Tcl_InterpDeleted man page on QNX

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Tcl_CreateInterp(3)	    Tcl Library Procedures	   Tcl_CreateInterp(3)


       Tcl_CreateInterp,  Tcl_DeleteInterp,  Tcl_InterpDeleted	-  create  and
       delete Tcl command interpreters

       #include <tcl.h>

       Tcl_Interp *



       Tcl_Interp   *interp   (in)	Token for interpreter to be destroyed.

       Tcl_CreateInterp creates a new  interpreter  structure  and  returns  a
       token  for it.  The token is required in calls to most other Tcl proce‐
       dures,  such  as	 Tcl_CreateCommand,  Tcl_Eval,	and  Tcl_DeleteInterp.
       Clients	are  only  allowed to access a few of the fields of Tcl_Interp
       structures;  see the Tcl_Interp and  Tcl_CreateCommand  man  pages  for
       details.	 The new interpreter is initialized with the built-in Tcl com‐
       mands and with the variables documented	in  tclvars(n).	  To  bind  in
       additional commands, call Tcl_CreateCommand.

       Tcl_DeleteInterp	 marks an interpreter as deleted; the interpreter will
       eventually be deleted when all calls to Tcl_Preserve for it  have  been
       matched	by  calls  to  Tcl_Release. At that time, all of the resources
       associated with it, including variables, procedures,  and  application-
       specific	 command  bindings,  will  be deleted.	After Tcl_DeleteInterp
       returns any attempt to use Tcl_Eval on the interpreter  will  fail  and
       return  TCL_ERROR.  After  the  call  to Tcl_DeleteInterp it is safe to
       examine the interpreter's result, query or set the values of variables,
       define, undefine or retrieve procedures, and examine the runtime evalu‐
       ation stack. See below, in the section INTERPRETERS AND MEMORY  MANAGE‐
       MENT for details.

       Tcl_InterpDeleted  returns  nonzero if Tcl_DeleteInterp was called with
       interp as its argument; this indicates that the interpreter will	 even‐
       tually be deleted, when the last call to Tcl_Preserve for it is matched
       by a call to Tcl_Release. If nonzero  is	 returned,  further  calls  to
       Tcl_Eval in this interpreter will return TCL_ERROR.

       Tcl_InterpDeleted  is  useful  in  deletion  callbacks  to  distinguish
       between when only the memory the callback is responsible for  is	 being
       deleted	and when the whole interpreter is being deleted. In the former
       case the callback may recreate the data being deleted, but  this	 would
       lead to an infinite loop if the interpreter were being deleted.

       Tcl_DeleteInterp	 can  be called at any time on an interpreter that may
       be used by nested evaluations and C code	 in  various  extensions.  Tcl
       implements  a  simple mechanism that allows callers to use interpreters
       without worrying about the interpreter being deleted in a nested	 call,
       and  without requiring special code to protect the interpreter, in most
       cases.  This mechanism ensures that nested uses of an  interpreter  can
       safely continue using it even after Tcl_DeleteInterp is called.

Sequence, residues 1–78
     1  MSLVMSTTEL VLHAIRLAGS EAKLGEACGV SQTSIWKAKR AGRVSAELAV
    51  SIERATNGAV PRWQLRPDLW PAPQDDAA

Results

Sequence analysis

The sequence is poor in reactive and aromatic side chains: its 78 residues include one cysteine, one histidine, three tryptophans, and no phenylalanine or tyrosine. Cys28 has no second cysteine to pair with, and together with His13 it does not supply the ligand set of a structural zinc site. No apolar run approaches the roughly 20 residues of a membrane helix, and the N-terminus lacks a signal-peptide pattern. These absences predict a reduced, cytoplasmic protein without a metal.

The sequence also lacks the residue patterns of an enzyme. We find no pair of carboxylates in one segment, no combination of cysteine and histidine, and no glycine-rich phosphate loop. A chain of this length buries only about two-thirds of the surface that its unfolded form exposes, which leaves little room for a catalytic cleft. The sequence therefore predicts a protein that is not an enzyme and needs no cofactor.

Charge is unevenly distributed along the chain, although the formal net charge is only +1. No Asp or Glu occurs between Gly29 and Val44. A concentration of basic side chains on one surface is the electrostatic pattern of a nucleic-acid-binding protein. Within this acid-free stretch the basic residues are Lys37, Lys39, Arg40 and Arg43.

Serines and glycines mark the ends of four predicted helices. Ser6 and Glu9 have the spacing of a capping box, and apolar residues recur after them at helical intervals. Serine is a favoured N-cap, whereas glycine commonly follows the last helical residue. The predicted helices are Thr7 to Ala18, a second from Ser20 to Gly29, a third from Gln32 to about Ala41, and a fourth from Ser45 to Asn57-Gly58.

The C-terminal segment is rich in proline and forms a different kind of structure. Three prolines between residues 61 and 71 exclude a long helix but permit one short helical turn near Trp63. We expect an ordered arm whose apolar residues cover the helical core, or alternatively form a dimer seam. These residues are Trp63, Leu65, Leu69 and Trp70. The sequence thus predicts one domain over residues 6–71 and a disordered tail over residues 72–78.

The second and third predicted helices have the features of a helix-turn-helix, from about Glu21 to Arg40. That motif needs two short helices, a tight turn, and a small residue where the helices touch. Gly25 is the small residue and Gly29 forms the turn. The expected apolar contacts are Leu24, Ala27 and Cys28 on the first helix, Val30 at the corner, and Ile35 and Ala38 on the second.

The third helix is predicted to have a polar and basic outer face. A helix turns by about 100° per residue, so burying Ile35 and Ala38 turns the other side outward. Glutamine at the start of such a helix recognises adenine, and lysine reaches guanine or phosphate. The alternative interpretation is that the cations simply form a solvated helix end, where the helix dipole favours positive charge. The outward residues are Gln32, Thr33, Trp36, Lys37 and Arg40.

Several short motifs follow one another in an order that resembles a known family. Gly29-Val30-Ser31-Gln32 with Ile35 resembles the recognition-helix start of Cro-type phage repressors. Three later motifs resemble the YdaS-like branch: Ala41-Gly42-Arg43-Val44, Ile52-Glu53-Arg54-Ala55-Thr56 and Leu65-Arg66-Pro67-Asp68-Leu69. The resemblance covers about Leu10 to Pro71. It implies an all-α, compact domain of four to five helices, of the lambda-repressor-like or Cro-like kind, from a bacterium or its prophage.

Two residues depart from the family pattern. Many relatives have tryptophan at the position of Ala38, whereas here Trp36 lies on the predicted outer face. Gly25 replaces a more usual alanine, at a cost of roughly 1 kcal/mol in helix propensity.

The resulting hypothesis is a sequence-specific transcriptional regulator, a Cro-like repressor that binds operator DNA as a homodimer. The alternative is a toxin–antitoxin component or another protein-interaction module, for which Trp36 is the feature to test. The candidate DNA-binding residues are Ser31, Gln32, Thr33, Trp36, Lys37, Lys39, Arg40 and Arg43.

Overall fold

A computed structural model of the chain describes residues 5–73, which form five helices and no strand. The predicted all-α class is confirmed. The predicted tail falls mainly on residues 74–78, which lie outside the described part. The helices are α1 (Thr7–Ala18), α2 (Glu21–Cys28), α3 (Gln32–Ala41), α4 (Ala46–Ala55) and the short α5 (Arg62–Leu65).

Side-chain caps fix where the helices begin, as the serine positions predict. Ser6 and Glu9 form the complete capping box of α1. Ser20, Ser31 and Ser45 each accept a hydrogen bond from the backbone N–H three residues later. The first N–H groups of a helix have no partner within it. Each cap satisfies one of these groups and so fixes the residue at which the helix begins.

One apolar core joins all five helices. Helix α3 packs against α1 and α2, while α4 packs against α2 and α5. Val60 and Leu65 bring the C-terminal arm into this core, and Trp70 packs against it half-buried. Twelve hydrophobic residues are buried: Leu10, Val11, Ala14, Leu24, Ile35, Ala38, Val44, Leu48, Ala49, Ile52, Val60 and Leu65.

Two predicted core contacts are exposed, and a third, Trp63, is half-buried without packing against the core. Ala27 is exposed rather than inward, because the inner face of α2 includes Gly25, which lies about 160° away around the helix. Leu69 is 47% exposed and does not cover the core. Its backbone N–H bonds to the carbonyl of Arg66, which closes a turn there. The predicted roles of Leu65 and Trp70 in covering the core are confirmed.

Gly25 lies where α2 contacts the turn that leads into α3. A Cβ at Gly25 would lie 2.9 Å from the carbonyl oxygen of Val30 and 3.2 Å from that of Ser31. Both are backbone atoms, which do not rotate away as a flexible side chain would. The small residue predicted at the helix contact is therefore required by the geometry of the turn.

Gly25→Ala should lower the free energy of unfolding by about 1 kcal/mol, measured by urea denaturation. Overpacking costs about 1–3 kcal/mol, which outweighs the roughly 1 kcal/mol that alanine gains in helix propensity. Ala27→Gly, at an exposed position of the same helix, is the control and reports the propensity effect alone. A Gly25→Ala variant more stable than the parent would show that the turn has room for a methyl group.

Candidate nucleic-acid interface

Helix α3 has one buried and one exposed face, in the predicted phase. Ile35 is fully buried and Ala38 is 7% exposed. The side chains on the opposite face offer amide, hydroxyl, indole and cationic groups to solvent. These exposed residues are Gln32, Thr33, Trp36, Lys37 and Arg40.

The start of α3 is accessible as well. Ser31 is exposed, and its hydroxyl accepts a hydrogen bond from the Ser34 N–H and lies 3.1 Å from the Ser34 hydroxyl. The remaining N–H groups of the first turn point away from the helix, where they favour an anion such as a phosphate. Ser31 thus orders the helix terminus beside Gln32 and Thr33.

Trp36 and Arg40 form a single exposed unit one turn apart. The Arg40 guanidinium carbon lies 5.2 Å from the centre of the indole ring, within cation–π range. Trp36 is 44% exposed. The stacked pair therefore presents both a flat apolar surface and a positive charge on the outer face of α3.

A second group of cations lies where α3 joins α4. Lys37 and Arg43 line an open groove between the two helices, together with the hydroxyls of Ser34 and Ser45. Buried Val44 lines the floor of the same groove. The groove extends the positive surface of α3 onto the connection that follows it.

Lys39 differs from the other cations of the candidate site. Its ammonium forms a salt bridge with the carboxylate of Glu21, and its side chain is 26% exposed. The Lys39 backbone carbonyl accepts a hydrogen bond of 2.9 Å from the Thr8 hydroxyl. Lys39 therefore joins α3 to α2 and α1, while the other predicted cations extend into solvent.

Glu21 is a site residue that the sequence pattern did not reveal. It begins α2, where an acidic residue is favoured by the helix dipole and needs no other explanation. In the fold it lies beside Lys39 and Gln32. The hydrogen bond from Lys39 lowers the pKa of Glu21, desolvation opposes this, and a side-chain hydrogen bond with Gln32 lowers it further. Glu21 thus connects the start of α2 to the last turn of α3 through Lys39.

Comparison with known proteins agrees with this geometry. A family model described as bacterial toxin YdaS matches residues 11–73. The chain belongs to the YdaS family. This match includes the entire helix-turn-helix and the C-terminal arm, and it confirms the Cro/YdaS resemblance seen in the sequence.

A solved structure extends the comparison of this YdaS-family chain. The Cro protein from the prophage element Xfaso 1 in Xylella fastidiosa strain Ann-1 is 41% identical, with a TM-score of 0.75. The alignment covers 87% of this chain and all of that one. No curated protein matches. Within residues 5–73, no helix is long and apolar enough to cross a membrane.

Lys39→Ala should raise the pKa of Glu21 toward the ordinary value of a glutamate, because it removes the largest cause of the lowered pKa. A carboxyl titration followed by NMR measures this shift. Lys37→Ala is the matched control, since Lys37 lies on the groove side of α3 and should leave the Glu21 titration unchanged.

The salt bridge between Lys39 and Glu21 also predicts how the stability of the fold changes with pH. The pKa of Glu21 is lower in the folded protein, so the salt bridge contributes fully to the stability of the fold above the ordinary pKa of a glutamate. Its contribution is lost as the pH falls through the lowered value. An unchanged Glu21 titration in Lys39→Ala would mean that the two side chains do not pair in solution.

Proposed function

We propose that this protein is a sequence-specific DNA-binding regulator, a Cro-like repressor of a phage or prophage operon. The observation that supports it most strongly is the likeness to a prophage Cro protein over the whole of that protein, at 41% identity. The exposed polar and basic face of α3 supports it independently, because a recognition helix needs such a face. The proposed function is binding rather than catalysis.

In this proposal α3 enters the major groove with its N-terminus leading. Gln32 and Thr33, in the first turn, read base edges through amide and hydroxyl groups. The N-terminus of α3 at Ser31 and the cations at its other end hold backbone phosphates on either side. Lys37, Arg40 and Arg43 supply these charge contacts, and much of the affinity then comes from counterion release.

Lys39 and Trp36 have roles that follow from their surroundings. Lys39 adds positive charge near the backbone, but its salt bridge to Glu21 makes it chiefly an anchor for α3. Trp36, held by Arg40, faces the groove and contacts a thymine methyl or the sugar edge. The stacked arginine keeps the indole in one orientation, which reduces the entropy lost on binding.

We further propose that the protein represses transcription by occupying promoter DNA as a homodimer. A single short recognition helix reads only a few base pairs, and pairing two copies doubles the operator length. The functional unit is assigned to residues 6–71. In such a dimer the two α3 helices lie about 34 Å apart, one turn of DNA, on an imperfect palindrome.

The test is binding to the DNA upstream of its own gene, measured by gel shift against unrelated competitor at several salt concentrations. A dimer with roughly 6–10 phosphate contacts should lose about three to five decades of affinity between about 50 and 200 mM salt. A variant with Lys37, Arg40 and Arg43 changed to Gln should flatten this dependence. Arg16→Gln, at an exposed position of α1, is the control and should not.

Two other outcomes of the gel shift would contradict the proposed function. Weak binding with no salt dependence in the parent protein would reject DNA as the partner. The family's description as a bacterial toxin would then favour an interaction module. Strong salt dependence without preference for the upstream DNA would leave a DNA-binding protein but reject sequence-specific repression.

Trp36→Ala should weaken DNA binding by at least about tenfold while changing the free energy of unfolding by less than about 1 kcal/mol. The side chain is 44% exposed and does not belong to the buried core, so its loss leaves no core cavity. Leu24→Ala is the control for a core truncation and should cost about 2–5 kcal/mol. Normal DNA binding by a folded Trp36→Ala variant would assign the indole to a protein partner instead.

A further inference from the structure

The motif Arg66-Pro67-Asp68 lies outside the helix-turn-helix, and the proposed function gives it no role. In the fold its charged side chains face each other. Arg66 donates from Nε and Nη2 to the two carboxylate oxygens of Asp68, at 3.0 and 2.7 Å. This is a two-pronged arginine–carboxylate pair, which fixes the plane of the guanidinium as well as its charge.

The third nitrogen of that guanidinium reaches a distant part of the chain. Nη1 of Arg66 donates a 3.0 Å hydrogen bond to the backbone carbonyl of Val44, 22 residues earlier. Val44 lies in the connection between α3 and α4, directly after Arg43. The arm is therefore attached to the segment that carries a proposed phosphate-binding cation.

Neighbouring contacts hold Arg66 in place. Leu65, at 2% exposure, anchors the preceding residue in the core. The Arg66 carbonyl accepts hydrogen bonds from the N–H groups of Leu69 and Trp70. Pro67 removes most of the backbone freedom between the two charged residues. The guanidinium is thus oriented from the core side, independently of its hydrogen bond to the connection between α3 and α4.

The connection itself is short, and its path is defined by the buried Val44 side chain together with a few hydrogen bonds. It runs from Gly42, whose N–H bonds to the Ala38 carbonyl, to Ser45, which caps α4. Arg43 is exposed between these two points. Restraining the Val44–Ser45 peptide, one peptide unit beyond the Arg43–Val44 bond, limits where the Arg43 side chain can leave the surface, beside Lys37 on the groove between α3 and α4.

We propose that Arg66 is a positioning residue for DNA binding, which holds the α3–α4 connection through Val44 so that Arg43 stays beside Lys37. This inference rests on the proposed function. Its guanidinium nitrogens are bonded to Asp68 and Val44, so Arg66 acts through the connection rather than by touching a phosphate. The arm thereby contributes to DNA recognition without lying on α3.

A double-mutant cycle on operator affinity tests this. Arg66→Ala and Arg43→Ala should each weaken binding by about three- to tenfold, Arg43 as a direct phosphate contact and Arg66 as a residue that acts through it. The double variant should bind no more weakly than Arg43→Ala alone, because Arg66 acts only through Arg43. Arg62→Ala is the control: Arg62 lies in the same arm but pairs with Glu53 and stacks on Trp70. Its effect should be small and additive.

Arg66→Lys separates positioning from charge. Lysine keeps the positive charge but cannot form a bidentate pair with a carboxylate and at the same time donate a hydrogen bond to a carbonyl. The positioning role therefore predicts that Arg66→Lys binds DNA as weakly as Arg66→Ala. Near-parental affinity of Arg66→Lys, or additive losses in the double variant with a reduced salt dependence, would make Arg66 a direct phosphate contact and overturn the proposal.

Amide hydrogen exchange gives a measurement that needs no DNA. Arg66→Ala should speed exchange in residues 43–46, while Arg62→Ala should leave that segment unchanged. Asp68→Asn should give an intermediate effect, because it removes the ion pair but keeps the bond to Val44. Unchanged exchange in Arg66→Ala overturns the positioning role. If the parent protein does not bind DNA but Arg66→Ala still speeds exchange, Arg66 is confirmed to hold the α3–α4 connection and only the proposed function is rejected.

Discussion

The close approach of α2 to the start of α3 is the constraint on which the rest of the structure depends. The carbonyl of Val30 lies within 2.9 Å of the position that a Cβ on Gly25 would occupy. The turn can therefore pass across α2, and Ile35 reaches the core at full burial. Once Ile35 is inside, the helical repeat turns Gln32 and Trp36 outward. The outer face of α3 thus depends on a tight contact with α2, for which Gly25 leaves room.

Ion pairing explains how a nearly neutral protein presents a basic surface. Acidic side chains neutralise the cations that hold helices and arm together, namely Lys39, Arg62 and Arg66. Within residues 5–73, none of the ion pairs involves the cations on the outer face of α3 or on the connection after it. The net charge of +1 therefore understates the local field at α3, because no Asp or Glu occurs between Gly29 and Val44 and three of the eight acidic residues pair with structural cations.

The mechanism relies on matching up calls to Tcl_Preserve with calls to
       Tcl_Release. If Tcl_DeleteInterp has been called, only  when  the  last
       call  to	 Tcl_Preserve  is  matched  by a call to Tcl_Release, will the
       interpreter be freed. See the  manual  entry  for  Tcl_Preserve	for  a
       description of these functions.

       The  rules  for	when the user of an interpreter must call Tcl_Preserve
       and Tcl_Release are simple:

       Interpreters Passed As Arguments
	      Functions that are passed an  interpreter	 as  an	 argument  can
	      safely use the interpreter without any special protection. Thus,
	      when you write an extension consisting of new Tcl	 commands,  no
	      special code is needed to protect interpreters received as argu‐
	      ments. This covers the majority of all uses.

       Interpreter Creation And Deletion
	      When a new  interpreter  is  created  and	 used  in  a  call  to
	      Tcl_Eval,	 Tcl_VarEval,  Tcl_GlobalEval, Tcl_SetVar, or Tcl_Get‐
	      Var, a pair of calls to Tcl_Preserve and Tcl_Release  should  be
	      wrapped around all uses of the interpreter.  Remember that it is
	      unsafe to use the interpreter once Tcl_Release has been  called.
	      To ensure that the interpreter is properly deleted when it is no
	      longer needed, call Tcl_InterpDeleted to test if some other code
	      already  called  Tcl_DeleteInterp; if not, call Tcl_DeleteInterp
	      before calling Tcl_Release in your own code.

       Retrieving An Interpreter From A Data Structure
	      When an interpreter is retrieved from a data structure (e.g. the
	      client  data  of	a  callback) for use in Tcl_Eval, Tcl_VarEval,
	      Tcl_GlobalEval, Tcl_SetVar, or Tcl_GetVar, a pair	 of  calls  to
	      Tcl_Preserve  and	 Tcl_Release should be wrapped around all uses
	      of the interpreter; it is unsafe to reuse the  interpreter  once
	      Tcl_Release has been called.  If an interpreter is stored inside
	      a callback data structure, an appropriate deletion cleanup mech‐
	      anism  should be set up by the code that creates the data struc‐
	      ture so that the interpreter is removed from the data  structure
	      (e.g.  by	 setting  the  field  to NULL) when the interpreter is
	      deleted. Otherwise, you may be using  an	interpreter  that  has
	      been freed and whose memory may already have been reused.

       All  uses  of  interpreters  in Tcl and Tk have already been protected.
       Extension writers should ensure that their code also properly  protects
       any additional interpreters used, as described above.

       Tcl_Preserve(3), Tcl_Release(3)

       command, create, delete, interpreter

Tcl				      7.5		   Tcl_CreateInterp(3)
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